We went on a barbecue pilgrimmage to Lockhart, south of Austin, known as the “barbecue capital of Texas“. Would we find some good ‘cue there?
One of the signs proudly proclaimed that they served no sauce because they had nothing to hide. I like that.
We stepped up to the counter and ordered a slab of ribs (we were planning to bring some home to our friends for dinner) and a quarter pound of brisket to try. The first slab was 4 lbs, which at $9.50 per pound would have been close to $40. Could we get a smaller slab? They pulled out a three pounder.
The ribs looked good. They had the appropriate smoke ring. They had come straight from the pit so we know they weren’t sitting in a steam tray somewhere. They were very juicy and fall-off-the-bone tender.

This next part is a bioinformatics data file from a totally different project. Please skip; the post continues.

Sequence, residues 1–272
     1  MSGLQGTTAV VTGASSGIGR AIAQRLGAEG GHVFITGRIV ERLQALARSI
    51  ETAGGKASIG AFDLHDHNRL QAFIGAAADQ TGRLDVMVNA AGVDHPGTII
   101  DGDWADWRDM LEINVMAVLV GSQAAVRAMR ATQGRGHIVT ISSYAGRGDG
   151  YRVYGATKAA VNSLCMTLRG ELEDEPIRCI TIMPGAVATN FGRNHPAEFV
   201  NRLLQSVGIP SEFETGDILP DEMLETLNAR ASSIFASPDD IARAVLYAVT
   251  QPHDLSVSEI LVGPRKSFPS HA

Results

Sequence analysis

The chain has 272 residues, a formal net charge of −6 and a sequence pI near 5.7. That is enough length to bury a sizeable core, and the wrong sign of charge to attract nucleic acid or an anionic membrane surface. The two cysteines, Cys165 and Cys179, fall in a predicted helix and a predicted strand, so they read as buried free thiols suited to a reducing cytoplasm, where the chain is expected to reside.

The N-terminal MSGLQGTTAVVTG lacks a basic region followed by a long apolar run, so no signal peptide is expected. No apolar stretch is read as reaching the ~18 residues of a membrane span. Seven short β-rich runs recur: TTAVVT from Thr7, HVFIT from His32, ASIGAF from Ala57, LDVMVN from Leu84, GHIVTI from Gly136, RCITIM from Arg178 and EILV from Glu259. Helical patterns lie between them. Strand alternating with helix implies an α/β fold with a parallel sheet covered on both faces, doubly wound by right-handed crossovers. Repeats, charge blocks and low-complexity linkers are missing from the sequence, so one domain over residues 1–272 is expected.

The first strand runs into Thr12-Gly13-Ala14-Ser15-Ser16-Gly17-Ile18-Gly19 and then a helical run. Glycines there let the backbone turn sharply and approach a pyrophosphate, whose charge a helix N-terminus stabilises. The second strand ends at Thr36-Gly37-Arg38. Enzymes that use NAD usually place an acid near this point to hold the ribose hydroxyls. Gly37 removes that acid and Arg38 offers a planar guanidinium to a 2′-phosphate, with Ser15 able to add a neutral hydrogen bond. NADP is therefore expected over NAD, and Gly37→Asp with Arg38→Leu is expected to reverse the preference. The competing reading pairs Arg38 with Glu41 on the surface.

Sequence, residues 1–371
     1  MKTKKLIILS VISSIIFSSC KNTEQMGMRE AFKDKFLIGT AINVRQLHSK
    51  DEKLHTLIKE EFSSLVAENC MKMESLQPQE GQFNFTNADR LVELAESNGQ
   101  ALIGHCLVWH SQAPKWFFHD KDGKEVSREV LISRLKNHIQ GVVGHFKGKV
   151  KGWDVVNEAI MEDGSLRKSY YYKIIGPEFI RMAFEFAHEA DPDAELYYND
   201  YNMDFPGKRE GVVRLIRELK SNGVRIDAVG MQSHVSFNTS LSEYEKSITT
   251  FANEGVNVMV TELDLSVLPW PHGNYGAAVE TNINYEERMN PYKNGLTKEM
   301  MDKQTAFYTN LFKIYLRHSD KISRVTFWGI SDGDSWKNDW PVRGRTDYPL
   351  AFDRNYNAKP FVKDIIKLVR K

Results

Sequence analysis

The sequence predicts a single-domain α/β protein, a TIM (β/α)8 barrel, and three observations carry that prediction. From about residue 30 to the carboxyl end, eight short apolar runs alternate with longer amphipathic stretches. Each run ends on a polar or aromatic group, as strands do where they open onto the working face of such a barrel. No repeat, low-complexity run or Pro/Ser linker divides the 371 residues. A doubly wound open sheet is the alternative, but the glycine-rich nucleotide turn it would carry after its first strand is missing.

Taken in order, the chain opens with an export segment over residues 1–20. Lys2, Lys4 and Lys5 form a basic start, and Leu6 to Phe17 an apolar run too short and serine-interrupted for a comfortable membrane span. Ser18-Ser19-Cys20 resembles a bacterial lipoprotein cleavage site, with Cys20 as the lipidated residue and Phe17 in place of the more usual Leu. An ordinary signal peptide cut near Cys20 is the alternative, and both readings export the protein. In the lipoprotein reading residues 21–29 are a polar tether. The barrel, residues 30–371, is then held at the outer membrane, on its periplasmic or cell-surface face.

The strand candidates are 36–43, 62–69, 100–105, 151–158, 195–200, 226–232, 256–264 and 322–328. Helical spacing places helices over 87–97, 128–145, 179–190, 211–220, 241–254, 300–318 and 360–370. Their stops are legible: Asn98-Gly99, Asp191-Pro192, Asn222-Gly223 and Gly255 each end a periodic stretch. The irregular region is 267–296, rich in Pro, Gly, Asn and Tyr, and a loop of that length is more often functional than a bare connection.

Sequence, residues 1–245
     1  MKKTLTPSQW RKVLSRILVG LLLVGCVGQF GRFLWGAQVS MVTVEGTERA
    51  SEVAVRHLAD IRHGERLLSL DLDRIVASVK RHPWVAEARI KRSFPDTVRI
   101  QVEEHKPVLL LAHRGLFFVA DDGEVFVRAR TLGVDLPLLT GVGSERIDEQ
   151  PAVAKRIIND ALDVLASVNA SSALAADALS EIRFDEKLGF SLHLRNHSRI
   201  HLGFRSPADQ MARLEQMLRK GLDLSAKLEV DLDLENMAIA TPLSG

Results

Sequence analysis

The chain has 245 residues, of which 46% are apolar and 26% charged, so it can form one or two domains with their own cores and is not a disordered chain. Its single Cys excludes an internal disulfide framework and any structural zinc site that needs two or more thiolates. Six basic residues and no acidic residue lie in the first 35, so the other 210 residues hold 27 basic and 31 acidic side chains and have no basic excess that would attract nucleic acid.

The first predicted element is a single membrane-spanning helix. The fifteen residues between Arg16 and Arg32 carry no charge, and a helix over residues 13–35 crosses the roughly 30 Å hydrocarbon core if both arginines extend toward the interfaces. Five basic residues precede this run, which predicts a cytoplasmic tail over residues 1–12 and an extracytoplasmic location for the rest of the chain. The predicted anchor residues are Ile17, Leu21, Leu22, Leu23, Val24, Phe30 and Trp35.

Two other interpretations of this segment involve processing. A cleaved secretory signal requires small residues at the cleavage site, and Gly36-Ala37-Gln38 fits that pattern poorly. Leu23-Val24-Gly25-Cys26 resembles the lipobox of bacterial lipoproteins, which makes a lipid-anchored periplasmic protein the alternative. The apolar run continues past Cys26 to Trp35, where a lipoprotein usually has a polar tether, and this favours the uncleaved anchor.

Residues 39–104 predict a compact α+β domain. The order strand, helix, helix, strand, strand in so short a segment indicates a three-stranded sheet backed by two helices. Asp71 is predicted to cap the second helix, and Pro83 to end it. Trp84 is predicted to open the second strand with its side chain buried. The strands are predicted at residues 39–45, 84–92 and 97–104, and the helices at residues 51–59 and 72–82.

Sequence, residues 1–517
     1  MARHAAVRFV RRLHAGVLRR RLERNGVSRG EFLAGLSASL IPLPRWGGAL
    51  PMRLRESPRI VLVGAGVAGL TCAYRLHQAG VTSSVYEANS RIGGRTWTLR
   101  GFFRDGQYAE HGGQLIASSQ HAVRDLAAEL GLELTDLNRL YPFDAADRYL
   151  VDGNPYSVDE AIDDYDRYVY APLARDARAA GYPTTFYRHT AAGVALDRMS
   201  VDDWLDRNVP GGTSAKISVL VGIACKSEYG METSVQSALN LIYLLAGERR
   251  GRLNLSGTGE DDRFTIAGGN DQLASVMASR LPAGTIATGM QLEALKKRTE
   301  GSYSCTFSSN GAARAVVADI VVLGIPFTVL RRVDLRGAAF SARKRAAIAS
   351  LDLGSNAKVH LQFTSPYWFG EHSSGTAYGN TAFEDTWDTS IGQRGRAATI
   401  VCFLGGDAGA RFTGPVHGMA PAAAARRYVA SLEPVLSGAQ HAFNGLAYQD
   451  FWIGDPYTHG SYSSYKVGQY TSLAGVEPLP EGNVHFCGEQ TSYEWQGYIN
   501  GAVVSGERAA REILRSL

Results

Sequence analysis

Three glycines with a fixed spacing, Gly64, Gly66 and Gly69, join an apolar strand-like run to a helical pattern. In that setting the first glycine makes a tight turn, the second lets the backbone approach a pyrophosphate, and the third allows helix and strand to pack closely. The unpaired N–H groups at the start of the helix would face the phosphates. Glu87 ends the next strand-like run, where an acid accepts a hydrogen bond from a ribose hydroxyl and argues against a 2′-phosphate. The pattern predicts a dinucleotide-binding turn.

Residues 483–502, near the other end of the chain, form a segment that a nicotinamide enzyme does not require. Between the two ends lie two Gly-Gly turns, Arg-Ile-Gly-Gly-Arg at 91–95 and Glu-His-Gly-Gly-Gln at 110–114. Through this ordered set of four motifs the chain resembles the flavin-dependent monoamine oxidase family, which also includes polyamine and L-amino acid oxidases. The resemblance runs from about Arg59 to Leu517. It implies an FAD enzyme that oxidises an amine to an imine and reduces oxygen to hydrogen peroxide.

But they were overly salty. Annie and I were both shocked. This was the best in Texas? It certainly seemed like all the locals were enjoying it. But we weren’t enjoying it, and we weren’t about to bring this back to our friends.
Annie sheepishly went back to the counter to ask if they were all as salty as this. The manager said yes. So they returned our money.
The brisket looked like it didn’t have a very big smoke ring. And you notice that they didn’t separate the point from the flat, so part of the slice was against the grain while the other part went with the grain. Not enough smoke plus cutting with the grain means a tough bite. And it was.
We went to Black’s BBQ around the corner to see if it would be any better. It was, but only slightly. The sausage was downright nasty, with a lot of fat and grease squirting out when you bit into it.
So much for the “barbecue capital of Texas”